All those involved in education
agree – children have a natural appetite for knowledge and
this desire to find out more should be stimulated from the very
earliest days at school. So what does the web offer science teaching?
Apart from an unrivalled document base for those who know how to
use it, the Internet offers various tools which can generally be
considered to fall into two categories: those which teachers consult
outside the classroom to prepare their courses or improve their
teaching practices, and those which pupils use during lessons.
As pupils are apparently losing interest in science,
teachers are turning to the Internet in the hope of bringing a new
dynamism to their teaching. But where can they find the programme
for a course on atoms and elementary particles for secondary school
students, examples of practical activities to enable a class of
ten-year-olds to understand how plants breathe, a site presenting
the history of mathematics, or simply reference documents and illustrations?
Cyberspace is packed with all this and more.
Separating the wheat from the chaff
It was partly to carry out such a selection that the European Schoolnet
was launched in 1996 by about 20 European education ministries.
This metasite gives the addresses of educational servers –
in particular those selected by the main educational resource centres
in the countries in question, generally run by the ministries –
as well as examples of educational methods, news, and opportunities
for teacher exchanges, etc. 'More than 120 000 educational sites
are listed,' Thomas Maier, European Schoolnet's technical adviser,
announces proudly. The general objective is to provide teachers
with 'an overview of the educational use of the Information and
Communication Technologies for Teaching (ICTE) in Europe'.
Many countries are also trying to set up resources
adapted to their own educational system. 'In Norway, the government
is planning to compile a national knowledge base for schools,'
explains Jon Bing, of the Research Centre for Computing and Law
in Oslo, and there are probably similar initiatives elsewhere. Nevertheless,
he stresses that 'there remains a great deal to be done' when you
compare what Europe has achieved with the scientific metasites of
certain major US universities.
Classroom practices and limitations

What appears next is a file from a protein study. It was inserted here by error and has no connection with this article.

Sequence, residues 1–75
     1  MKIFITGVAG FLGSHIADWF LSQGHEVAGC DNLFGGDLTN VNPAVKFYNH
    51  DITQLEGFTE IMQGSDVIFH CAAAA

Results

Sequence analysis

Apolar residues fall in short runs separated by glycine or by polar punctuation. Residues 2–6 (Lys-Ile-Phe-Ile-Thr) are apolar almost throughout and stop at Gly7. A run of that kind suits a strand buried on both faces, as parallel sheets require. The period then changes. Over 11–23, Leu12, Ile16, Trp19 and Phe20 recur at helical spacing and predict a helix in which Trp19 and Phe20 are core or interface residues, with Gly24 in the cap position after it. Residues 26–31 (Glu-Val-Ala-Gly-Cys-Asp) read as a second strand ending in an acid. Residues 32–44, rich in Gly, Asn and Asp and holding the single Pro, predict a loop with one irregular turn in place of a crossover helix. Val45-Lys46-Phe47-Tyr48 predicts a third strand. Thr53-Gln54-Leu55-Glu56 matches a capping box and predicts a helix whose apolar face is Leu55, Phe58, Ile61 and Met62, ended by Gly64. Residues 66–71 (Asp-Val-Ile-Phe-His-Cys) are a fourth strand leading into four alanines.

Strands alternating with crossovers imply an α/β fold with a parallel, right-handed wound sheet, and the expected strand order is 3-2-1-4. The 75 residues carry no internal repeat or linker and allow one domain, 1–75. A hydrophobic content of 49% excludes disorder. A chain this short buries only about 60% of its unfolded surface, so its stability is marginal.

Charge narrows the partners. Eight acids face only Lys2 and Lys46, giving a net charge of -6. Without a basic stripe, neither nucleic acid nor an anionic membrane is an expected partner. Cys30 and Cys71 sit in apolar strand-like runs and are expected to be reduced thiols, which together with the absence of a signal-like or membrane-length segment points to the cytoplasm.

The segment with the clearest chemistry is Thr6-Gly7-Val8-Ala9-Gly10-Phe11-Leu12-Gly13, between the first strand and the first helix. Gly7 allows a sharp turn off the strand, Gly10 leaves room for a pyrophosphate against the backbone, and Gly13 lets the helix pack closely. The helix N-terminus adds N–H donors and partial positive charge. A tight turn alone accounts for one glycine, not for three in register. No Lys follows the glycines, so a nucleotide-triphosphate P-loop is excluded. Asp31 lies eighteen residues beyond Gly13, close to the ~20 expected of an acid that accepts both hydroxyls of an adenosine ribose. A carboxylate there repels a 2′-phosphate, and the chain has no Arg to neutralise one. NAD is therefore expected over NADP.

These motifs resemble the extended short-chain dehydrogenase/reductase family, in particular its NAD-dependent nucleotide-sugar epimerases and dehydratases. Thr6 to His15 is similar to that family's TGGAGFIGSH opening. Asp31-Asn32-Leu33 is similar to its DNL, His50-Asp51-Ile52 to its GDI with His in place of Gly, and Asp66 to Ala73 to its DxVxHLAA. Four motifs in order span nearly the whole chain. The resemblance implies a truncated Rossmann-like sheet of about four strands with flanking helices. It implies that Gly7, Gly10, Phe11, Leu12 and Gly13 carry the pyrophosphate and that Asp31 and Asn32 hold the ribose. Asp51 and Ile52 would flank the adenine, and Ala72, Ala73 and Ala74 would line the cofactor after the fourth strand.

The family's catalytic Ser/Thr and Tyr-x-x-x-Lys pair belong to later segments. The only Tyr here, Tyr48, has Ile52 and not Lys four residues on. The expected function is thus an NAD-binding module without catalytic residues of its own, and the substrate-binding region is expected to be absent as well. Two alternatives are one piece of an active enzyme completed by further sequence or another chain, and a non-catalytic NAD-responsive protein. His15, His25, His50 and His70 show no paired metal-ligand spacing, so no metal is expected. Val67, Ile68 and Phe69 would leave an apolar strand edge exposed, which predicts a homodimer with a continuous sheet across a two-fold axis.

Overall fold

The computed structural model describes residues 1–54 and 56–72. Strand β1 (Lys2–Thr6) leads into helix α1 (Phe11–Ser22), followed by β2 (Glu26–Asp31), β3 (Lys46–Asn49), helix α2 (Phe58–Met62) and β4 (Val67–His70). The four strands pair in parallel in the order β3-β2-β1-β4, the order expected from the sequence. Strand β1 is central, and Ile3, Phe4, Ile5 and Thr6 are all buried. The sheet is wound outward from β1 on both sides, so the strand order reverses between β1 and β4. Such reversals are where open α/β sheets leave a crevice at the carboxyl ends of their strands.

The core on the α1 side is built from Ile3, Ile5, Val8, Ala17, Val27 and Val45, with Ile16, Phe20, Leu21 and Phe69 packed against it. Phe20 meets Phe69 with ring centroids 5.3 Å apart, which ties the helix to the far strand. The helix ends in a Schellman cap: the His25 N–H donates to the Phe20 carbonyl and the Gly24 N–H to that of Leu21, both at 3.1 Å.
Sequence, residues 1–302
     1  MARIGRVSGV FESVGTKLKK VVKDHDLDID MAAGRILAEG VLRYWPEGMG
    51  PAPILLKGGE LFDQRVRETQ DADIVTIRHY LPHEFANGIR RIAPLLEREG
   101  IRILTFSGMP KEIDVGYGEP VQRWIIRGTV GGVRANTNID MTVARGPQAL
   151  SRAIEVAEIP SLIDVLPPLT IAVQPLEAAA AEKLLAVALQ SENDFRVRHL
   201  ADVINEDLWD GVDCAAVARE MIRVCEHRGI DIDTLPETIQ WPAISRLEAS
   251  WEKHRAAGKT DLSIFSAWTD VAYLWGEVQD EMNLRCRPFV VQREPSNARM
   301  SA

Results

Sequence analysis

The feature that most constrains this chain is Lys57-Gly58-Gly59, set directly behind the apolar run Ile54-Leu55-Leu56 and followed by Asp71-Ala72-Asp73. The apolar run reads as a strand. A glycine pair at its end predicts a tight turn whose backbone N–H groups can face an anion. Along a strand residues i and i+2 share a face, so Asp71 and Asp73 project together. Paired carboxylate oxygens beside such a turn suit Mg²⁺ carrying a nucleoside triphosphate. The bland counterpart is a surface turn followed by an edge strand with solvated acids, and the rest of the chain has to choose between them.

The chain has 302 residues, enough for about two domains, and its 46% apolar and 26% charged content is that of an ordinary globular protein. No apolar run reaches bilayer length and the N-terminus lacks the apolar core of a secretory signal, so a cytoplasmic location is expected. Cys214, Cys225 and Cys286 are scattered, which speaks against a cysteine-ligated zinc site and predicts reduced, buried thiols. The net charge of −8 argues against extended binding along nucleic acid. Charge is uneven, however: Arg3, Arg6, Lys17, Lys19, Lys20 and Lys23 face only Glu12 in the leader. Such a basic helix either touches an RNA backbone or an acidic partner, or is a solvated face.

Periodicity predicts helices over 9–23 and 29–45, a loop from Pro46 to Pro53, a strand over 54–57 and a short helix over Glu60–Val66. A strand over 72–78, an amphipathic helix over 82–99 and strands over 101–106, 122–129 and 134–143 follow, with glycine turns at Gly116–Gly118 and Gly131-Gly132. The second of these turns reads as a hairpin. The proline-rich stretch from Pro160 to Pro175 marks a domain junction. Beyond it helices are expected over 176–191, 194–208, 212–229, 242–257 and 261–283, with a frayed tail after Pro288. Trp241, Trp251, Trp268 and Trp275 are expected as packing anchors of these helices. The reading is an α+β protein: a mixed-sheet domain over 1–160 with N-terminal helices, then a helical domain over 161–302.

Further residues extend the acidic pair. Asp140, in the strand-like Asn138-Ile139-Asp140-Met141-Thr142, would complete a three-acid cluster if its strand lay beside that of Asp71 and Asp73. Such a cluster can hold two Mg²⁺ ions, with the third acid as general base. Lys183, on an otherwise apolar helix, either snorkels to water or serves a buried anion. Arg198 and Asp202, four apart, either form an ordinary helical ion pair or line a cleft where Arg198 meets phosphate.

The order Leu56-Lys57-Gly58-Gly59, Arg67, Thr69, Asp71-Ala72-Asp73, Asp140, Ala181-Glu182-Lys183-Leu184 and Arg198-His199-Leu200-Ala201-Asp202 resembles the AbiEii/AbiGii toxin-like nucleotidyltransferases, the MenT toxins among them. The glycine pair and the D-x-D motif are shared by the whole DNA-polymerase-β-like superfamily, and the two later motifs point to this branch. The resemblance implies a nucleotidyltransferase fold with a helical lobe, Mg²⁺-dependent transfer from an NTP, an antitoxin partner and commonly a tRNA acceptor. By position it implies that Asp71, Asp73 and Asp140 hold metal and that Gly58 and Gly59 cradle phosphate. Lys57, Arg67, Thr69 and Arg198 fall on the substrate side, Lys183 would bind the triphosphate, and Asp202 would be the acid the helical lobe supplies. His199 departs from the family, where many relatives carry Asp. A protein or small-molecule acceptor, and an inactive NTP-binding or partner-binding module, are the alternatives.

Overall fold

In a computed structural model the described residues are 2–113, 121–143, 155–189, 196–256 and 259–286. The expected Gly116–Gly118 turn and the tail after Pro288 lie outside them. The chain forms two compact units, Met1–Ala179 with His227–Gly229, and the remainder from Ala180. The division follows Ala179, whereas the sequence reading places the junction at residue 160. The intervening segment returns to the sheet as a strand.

With on-line exercises or experiments, educational games, and questionnaires,
there is a growing trend for websites to offer tools which pupils
can use directly. 'We have one or two computers connected to the
Internet per class and we use them every day,' explains Jaana Minkkinen,
head of the Risti primary school in a small village in eastern Finland.
Classroom Internet sessions can nevertheless quickly reach
the limit of their usefulness, especially with older pupils. Alain
Ritman, who teaches maths at a French lycée, believes
that 'it is mainly the best students who benefit most from this.
The others amuse themselves but do not get much from it.' More ambitiously,
teachers can use the web's interactivity and electronic mail to
allow classes located in different countries to work together on
a common scientific project, or even have pupils develop their own
educational sites. The Americans are very partial to these science
fairs and other competitions. The Europeans are beginning to follow
suit, but more in the spirit of co-operation than competition.
Boston (Massachusetts), October 1998.
During a meeting of the Association des centres scientifiques
et techniques, Joël de Rosnay, director of the
Cité des Sciences (Paris), launched the idea
of setting up a European network which would link up
science museums and the new concept science centres
of which there are still relatively few in Europe. Ecsite
(European Collaborative for Science, Industry and Technology
Exhibitions) was born. Making intense use of the Internet,
the network has expanded worldwide and now includes
240 science museums in over 35 countries. It provides
a forum for the exchange of information and experiences
as well as for co-operation between specific projects.
Ecsite's Internet portal includes a directory of the
websites of all the member institutions and, as such,
is a valuable point of entry for a curious public.
Visitors can also see Bionet, Ecsite's first
on-line exhibition. The idea of using the web to create
'virtual museums' rather than simply museum sites is
not new. The National Museum of Science and Industry
in London has made it a speciality – its site
now offers around 20 permanent 'events'. In the United
States, the Smithsonian Institution, a grouping of Washington's
science museums founded a century and a half ago at
the initiative of the British scientists James Smithson,
also proposes many virtual visits which often follow
on from 'real' exhibitions (such as Ocean Planet,
an exceptionally comprehensive exhibition on the sea,
presented a few years ago).
The National Museum of Science and Industry
NMSI on-line science museums
Ocean Planet Exhibition